What can investors do? Investors can’t do anything about dividend cuts other than diversifying their portfolio to spread the risk around from the start. They can also avoid sectors or industries that are known to produce volatile earnings.
Specifically, Suncor cut its dividend by about 50% on a trailing 12-month basis. Along with its dividend cut, the energy stock was also dragged down a lot. Specifically, it’s more than 40% below its 2019 highs of about $45 per share.
The movements of energy prices will still have an impact on Suncor stock, despite it being an integrated oil and gas company with refineries and gas stations.
How big of an impact was the pandemic?
Instead of just focusing on Suncor stock’s price and dividend cut, let’s take a closer look at the actual impacts of the pandemic.
Last year, the large-cap energy stock ran into some bumps. It experienced revenue decline of close to 36% to $24.7 billion. Gross profits were $14.1 billion, down 42% year over year. It also posted a net loss of $4.2 billion.
At the end of 2020, Suncor’s cash and cash equivalent levels remained at similar levels from a year ago, falling only about 4%. The debt-to-asset ratio rose from 53% to 58%. And the debt-to-equity ratio went from 1.1 times to 1.4 times.
So, there were some impacts to the balance sheet, but there was no serious damage. S&P still rewards Suncor stock with an investment-grade credit rating of BBB+.
Why Suncor stock could be a bargain
In 2020, Suncor generated operating cash flow of $2.7 billion — a whopping cut of +70% from its normal levels of +$10 billion. Imagine the stock’s operating cash flow recovered to more normalized levels. It would nearly quadruple its cash flows from the 2020 levels!
Investing is forward looking. The large-cap energy behemoth’s balance sheet is still intact. On recovery of its operating performance to more normalized levels, the stock will certainly rebound to more normalized levels as well.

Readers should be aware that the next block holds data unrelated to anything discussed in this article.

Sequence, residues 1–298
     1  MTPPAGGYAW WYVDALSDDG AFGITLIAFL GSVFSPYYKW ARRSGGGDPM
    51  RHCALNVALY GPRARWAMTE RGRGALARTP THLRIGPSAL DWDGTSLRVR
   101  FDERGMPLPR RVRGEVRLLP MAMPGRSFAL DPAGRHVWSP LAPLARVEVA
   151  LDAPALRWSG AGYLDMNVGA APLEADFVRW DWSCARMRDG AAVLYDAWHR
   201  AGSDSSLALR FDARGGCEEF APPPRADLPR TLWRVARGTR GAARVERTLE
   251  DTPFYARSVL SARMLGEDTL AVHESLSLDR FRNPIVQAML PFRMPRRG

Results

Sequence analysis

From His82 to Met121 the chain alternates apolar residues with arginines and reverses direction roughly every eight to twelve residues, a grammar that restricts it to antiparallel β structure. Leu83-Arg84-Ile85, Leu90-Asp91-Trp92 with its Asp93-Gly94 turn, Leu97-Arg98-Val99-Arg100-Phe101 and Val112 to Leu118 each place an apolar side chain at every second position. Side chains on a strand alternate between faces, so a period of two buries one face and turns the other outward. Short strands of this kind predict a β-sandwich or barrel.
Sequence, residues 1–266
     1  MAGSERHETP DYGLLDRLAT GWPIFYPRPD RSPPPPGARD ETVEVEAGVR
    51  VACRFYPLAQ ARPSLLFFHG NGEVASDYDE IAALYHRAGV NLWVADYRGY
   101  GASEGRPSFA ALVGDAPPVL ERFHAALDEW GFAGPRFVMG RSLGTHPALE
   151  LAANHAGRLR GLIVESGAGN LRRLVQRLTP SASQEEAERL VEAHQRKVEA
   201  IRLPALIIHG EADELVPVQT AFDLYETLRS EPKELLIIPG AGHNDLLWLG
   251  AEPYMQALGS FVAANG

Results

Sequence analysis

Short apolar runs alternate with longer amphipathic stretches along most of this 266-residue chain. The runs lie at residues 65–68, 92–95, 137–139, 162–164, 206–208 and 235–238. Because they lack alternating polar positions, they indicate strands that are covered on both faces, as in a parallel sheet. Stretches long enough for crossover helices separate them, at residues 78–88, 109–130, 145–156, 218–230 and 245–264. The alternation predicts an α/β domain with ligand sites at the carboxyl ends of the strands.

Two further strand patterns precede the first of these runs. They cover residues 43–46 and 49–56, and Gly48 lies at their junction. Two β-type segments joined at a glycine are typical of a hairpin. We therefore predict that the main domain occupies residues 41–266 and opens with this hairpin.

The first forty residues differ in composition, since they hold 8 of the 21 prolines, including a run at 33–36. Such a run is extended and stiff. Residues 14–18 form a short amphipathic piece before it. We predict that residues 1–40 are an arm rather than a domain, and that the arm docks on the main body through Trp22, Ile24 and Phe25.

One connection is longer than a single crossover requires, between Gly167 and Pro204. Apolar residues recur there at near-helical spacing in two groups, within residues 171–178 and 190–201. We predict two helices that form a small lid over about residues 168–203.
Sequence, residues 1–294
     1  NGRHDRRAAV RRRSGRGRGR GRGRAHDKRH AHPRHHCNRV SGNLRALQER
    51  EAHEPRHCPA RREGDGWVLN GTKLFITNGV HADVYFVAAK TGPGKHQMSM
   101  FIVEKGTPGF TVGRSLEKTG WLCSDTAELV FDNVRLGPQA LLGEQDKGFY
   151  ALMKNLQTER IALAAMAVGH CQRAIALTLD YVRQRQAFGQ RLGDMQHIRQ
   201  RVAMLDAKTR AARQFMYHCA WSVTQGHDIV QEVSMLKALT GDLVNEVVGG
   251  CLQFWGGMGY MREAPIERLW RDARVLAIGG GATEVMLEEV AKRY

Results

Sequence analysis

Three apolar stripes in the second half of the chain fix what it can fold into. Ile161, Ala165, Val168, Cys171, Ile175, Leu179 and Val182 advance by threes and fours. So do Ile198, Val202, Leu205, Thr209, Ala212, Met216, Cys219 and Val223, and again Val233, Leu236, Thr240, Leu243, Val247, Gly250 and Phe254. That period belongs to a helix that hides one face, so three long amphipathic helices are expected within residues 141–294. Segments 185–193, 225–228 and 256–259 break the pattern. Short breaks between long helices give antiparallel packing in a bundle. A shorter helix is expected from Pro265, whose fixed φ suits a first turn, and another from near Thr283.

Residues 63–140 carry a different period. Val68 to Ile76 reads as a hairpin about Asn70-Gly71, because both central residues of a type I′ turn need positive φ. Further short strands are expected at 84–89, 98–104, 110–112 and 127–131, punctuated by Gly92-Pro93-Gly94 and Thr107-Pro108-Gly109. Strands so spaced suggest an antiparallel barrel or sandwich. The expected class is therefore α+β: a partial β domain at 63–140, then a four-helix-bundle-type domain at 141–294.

This will probably come with its dividend snapping back to at least close to where it was before. A dividend increase will probably be the cue for a hoard of investors to get back into the stock.
Suncor has set its priorities for its capital allocation. Its top priority is to maintain its core business and dividend. Its secondary priorities are to repay debt, buy back shares, and increase dividends.
Management estimates a 2021 breakeven WTI oil price of US$35 per barrel, which covers operating costs, sustaining capital, and its current dividend. This is a very low breakeven price, as the WTI oil price is above US$62 per barrel at writing.
Analysts currently have a 12-month price target of $33.74 on Suncor stock for about 33% near-term upside potential. The stock also provides attractive income with a yield of 3.2%.
The Foolish takeaway
Suncor stock’s balance sheet remained pretty much intact, despite the far and wide impacts of economic lockdowns from the pandemic.
That said, investors are better off not holding Suncor stock long term due to its above-average volatile nature. Instead, consider it as a value play for nice capital gains potential in the near term.
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This article represents the opinion of the writer, who may disagree with the “official” recommendation position of a Motley Fool premium service or advisor. We’re Motley! Questioning an investing thesis — even one of our own — helps us all think critically about investing and make decisions that help us become smarter, happier, and richer, so we sometimes publish articles that may not be in line with recommendations, rankings or other content.
Fool contributor Kay Ng doesn’t own any stocks mentioned.